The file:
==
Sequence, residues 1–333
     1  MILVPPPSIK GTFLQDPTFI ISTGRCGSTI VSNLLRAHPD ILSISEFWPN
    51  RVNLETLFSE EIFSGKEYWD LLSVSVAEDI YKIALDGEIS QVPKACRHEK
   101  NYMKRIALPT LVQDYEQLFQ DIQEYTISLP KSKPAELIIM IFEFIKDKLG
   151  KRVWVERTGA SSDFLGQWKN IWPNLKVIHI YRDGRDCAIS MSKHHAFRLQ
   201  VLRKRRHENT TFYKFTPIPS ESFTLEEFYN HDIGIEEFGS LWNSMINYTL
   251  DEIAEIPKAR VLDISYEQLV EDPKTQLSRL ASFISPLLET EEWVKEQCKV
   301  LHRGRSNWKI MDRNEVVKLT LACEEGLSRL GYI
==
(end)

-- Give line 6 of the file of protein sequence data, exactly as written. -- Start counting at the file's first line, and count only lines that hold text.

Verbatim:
   201  VLRKRRHENT TFYKFTPIPS ESFTLEEFYN HDIGIEEFGS LWNSMINYTL